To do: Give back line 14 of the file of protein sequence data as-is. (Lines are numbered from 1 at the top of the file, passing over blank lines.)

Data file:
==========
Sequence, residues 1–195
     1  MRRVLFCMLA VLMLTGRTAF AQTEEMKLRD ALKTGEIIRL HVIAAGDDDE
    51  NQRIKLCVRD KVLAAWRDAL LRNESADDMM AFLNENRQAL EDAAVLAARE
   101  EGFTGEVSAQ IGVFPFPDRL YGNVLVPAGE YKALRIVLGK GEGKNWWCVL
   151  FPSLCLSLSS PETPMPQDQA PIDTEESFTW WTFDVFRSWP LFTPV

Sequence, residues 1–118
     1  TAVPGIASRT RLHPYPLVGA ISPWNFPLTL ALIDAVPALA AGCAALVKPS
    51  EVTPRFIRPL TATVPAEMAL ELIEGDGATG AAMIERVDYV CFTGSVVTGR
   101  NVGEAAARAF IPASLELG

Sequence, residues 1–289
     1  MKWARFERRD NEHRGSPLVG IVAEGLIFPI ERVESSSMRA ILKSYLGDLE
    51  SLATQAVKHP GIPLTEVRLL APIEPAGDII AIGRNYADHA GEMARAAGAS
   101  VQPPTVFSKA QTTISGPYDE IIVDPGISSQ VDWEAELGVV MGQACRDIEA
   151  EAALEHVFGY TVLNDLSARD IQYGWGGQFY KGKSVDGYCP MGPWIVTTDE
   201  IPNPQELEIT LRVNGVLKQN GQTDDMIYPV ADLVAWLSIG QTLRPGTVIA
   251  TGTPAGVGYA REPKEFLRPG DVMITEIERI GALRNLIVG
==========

   151  EAALEHVFGY TVLNDLSARD IQYGWGGQFY KGKSVDGYCP MGPWIVTTDE